Hundreds of labor rights advocates swarmed into Washington Square Park for International Workers Day Sunday, chanting and lugging signs as they called for protections and a pathway to citizenship for immigrant workers.
The rally underscored the importance of immigrant workers and the essential efforts they brought forward throughout the COVID-19 pandemic in New York City’s darkest days. While others were able to shelter in place, advocates reminded the city that these workers kept the Big Apple moving through delivering and cooking food, washing laundry, and so much more—but their sacrifice was not immediately rewarded with pandemic relief until the passage of the Excluded Workers Fund (and still many have not received payments due to the sheer amount of workers left behind.)
Congressmember Alexandria Ocasio-Cortez held onto a white carnation, a symbol of purity, while she rallied for immigrants, not just in New York City but across the nation.
“We are here to fight for our workers because our workers fight for us, that’s what May Day is all about. We have to remind people, the folks in power, and the folks across this country that working people are immigrants in New York City and across the country. We have to remind ourselves of how far we have come, and we need to talk about what there is left to go. What we have to do ahead,” Ocasio-Cortez said.
At the Washington Square Arch, hundreds of advocates, labor workers, and supporters held signs reading “End deportation,” “We are essential, not disposable,” and “Our labor saved lives.”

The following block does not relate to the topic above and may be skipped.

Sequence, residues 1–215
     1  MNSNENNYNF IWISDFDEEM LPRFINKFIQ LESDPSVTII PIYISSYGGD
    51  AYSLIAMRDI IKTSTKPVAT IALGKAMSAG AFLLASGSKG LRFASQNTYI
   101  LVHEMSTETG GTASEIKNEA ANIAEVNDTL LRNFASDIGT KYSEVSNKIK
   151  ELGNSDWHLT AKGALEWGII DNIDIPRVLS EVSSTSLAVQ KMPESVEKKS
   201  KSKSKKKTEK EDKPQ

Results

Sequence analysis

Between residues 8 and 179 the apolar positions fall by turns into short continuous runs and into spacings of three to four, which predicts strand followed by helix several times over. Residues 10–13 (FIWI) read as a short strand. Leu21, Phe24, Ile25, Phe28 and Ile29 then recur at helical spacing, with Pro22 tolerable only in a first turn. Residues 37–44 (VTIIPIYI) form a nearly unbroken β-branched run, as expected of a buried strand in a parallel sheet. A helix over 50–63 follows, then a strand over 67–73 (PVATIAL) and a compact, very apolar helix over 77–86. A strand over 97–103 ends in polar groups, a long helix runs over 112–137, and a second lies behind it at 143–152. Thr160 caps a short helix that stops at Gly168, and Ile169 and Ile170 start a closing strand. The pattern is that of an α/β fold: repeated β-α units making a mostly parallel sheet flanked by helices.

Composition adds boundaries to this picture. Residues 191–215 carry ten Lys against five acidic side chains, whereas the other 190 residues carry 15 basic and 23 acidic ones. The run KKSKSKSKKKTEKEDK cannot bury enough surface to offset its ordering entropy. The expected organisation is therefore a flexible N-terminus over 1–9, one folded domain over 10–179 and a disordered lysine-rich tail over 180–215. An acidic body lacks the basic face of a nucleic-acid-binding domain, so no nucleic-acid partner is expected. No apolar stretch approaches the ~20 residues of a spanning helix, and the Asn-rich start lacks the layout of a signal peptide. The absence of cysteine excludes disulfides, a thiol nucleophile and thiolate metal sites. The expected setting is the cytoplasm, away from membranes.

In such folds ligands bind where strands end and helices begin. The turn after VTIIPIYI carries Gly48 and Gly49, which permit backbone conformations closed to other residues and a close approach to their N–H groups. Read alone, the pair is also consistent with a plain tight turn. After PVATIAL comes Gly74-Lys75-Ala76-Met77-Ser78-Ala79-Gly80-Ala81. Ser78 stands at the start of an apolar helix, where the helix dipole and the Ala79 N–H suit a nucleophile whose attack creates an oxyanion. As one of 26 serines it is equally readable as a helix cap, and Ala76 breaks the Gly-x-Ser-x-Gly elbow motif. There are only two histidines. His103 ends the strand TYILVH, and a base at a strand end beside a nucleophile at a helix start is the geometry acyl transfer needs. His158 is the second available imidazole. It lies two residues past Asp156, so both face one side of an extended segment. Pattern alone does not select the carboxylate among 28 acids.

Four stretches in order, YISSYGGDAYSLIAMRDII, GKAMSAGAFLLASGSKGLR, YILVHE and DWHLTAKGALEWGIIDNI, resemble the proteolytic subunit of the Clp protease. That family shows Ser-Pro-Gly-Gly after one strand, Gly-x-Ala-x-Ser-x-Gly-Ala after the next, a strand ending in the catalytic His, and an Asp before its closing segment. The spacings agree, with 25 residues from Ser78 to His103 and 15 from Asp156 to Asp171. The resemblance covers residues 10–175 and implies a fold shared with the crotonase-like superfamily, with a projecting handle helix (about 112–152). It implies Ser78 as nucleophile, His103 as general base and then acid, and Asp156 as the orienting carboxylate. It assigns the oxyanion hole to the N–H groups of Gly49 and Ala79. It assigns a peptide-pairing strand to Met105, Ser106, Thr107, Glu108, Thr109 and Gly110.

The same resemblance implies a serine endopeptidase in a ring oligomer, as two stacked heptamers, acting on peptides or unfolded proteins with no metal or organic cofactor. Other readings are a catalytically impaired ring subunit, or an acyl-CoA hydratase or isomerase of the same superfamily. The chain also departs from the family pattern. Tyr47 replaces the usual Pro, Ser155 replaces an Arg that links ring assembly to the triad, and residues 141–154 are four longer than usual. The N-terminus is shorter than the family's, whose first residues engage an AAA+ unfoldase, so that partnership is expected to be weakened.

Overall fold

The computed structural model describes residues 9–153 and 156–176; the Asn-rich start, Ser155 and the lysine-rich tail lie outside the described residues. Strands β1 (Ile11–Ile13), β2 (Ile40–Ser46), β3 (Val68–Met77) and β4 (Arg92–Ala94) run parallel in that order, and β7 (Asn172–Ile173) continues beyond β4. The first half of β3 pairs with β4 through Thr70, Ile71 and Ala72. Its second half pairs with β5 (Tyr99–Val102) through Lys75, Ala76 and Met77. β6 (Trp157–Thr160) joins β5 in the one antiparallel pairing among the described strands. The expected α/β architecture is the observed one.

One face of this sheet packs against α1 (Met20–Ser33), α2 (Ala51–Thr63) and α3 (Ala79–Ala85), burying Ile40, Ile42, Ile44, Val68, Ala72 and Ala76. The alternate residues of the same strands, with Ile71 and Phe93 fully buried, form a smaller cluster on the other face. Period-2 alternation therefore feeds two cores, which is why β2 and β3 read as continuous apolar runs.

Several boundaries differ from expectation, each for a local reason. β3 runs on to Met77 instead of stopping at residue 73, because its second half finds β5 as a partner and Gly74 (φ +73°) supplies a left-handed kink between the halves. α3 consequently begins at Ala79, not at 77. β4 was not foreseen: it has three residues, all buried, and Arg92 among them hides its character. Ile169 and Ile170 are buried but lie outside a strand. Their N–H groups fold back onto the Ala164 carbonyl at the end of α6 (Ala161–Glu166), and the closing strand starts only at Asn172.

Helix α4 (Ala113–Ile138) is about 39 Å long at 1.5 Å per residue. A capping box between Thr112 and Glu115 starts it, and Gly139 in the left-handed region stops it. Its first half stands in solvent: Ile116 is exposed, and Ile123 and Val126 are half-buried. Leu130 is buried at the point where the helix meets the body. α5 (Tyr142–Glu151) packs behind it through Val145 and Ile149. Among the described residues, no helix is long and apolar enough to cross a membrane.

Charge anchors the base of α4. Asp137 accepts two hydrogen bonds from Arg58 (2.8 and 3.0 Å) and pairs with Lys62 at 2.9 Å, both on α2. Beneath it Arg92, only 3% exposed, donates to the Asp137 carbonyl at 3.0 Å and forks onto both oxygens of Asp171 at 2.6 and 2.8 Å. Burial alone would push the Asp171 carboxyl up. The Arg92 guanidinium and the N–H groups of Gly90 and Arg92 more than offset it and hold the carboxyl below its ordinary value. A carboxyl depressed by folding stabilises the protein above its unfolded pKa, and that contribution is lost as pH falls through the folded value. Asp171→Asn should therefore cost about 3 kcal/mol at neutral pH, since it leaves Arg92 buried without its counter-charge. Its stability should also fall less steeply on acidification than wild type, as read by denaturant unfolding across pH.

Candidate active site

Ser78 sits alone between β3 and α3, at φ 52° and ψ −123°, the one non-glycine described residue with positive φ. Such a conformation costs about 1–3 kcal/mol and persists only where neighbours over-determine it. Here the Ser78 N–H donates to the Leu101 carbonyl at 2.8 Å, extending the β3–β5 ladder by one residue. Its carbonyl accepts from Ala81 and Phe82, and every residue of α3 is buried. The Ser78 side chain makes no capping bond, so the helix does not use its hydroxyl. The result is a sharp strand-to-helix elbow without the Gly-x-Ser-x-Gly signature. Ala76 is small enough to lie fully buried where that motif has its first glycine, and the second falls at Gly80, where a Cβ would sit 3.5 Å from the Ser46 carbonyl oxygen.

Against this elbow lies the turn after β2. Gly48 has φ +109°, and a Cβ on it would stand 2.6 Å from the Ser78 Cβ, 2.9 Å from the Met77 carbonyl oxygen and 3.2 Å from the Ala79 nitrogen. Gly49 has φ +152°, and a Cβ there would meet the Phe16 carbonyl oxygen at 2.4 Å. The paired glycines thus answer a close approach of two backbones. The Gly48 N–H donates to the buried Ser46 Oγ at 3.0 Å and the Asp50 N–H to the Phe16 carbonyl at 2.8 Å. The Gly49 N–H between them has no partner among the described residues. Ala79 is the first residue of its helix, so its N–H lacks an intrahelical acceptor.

Several workers discussed their experience immigrating from another country for a better life, only to face hurdles as they attempt to take care of themselves and their families—like Victor who hails from Africa and is proud to call the United States his home.
“The United States, this is a country that is a home for citizens of the world. We are the citizens of the world, and for immigration we demand nothing less than citizenship. The pathway to citizenship is the right thing for us to be able to effectively contribute our quota into developing the United States,” Victor said.
In addition to immigrant contributions going unnoticed, workers talked about the inability to speak up for change and protections due to a fear of deportation.
Angelika, a member of the Amazon Labor Union, both celebrated the victory of her union but also called out the fear immigrants face when it comes to demanding protection.
“Amazon workers shouldn’t be afraid to ask for better working conditions because of their immigration status,” Angelika said.
Advocates stepped off from Washington Square Park and made their way through Lower Manhattan to Foley Square, pausing midway to perform a “die-in,” where protesters laid in the middle of a roadway to emphasize their importance to communities in this country.
Senator Jessica Ramos, who has been a strong advocate for labor workers says that more work needs to be done, including passing the Excluded No More legislation which would provide immigrant workers permanent protection (such as access to unemployment benefits).
“This May Day may be one of the most significant in my time serving the labor movement. A multi-racial, mutli-ethnic groundswell is returning May Day to its roots: a recognition that all working people share a common cause. Our ability to secure recognition for Excluded Workers, to win union elections where it is supposed to be impossible, and to unify organized labor around the unique struggles of immigrant workers is made stronger by recognizing that every worker has more in common with each other than they do with the forces that keep their wages low and their hours long,” said Queens state Senator Jessica Ramos, chair of the Senate Labor Committee in the NY State Senate.
The event culminated at Foley Square with a performance by La Manga Band.
Additional reporting by Adrian Childress.
Ex-Brit turned Manhattan resident since 2008.